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Roxanne, Roxanne

Before I go into the archives and give y'all a good taste of where my mind is almost all the time, I have to say something that I missed the opportunity to get out in the intial post. Before I had the courage to launch this site, I was a writer for an urban blog based out of Chicago, called True Star. I was presented the opportunity by a very talented gentleman, Henr'i Collins. He took a chance without ever laying eyes on anything I had written and things like that just don't happen in real life. Someone offers you a paid position without physical evidence that you could do the work? In what world? But he did and I am forever grateful and humbled to have gotten my start there. All of the young people that are under the wing of TS now, I pray you realize just how blessed you are to be there. Aight enough of the sappy shit, let's chat. I'm a realist and the realism in me felt like I had to bring this gem back and introduce it again. Have y'all seen the movie Roxanne, Roxanne? If so, here's my take. If not, here's why you should. Yes, it's old, but it's still important.

Let the story of female rap icon Roxanne Shante be a lesson to all of us. Black, brown, white, red. Male and female. More than one lesson actually was portrayed . Even her talent, her quick wit, and hustler mentality had her caught up in all of the wrong things and couldn’t assist her in avoiding lifes tight spots. The Netflix special premiered on March 23, produced by Nia Long and Pharell Williams. In the film Roxanne Shante is taking on male and female rappers in her neighborhood and showing them what real talent looks like. If she had nothing else she for sure inherited the hustle. Her mom, played by Nia Long, has such a strong ambition to do well and it rubbed off on her older girl. Plagued by men and what seemed to be love, she turned into something none of her children recognized, leaving her four girls to lean on their big sister more than ever. The film hints on some of the most taboo topics being faced in the Black community.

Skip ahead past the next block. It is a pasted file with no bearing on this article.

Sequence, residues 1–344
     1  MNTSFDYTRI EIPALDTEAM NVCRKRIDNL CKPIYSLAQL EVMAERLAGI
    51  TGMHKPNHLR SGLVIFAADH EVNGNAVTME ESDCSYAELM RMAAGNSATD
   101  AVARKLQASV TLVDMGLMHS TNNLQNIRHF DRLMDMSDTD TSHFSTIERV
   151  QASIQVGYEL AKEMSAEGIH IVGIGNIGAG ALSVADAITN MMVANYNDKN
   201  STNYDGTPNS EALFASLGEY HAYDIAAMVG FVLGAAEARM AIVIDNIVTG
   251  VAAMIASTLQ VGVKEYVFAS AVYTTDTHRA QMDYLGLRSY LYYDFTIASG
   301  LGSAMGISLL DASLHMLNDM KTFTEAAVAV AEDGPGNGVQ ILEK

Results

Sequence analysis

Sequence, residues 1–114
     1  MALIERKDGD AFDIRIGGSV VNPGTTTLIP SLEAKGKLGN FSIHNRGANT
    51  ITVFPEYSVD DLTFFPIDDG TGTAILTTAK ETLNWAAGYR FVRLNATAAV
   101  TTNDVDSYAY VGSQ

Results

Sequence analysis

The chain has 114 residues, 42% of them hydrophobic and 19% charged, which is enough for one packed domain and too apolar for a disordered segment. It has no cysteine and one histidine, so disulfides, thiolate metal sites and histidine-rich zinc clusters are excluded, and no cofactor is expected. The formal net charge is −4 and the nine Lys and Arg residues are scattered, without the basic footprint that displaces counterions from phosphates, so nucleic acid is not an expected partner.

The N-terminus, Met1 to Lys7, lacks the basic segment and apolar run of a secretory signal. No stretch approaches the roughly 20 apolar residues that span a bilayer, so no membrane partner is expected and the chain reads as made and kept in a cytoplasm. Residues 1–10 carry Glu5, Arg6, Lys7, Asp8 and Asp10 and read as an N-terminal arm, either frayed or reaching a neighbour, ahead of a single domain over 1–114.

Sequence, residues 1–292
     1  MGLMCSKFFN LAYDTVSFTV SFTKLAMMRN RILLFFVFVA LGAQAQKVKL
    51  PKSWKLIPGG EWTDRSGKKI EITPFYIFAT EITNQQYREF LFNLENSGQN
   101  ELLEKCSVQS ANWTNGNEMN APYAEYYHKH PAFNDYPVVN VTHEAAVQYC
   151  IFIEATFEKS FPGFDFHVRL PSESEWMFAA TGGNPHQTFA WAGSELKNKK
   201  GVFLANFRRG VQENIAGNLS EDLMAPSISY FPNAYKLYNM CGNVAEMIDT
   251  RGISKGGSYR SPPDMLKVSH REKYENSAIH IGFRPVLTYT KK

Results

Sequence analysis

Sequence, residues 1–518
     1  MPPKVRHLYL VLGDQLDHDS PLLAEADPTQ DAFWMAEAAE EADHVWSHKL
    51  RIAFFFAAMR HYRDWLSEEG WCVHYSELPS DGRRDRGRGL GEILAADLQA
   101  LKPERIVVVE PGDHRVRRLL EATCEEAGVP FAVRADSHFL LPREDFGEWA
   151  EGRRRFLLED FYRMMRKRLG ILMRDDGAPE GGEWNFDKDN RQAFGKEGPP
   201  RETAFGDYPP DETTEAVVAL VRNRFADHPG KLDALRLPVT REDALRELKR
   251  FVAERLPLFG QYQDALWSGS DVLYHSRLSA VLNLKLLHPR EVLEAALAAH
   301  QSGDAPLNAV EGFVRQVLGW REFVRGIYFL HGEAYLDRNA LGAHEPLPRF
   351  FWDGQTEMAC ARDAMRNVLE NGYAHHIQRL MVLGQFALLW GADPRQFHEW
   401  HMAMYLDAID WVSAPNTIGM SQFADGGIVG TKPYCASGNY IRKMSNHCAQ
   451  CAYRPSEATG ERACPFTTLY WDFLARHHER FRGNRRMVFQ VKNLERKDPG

The topics that no one wants to talk about. The older children being forced to take on the parental role with lack of proper preparation. The normalization of sexual predators. The lack of authentic love and support from the men in the lives of our mothers. The normalization of single motherhood. It hurt to watch this movie because I identified all too well with its toxicity. I am the eldest of three and my mother had two other children back to back. I felt obligated to raise them and be their mother figure because my mom was so busy trying to figure her own life out. I didn’t appreciate it and I’m currently in therapy right now learning to forgive her for those decisions she made.

I too was shapely at a young age and thought I knew the game.

Now that I'm in my twenties, I realize then I knew nothing. But that didn’t stop men five and 10 years my senior from making comments on my body’s development. I was young and the way things began to work out for me happened because men thought if they did nice things it would manipulate me into doing what they wanted. It never worked, but that’s solely because I wasn’t interested. A lot of young women aren’t so keen on the motives of men who care nothing for them and only want one thing.

In the movie, it shows Shante going through a rough patch with her mother after her life took a drastically unexpected turn. Shante is in search of a relief and life just won't let up. But somehow she finds a way to devote herself to her craft and even that goes south. All of the determination in the world turned her into a different woman. Landing the 16-year-old superstar in a position much worse than the one she started in. The lost of friends, family and self-esteem sent her into a whirlwind she couldn't get out of. This movie resonated with me so much. I recommend every young lady to watch it and take notes. It literally gets no realer than this.

Stand for something or fall for anything.

With Love,

Storie Stone

The Storie Will Be Televised

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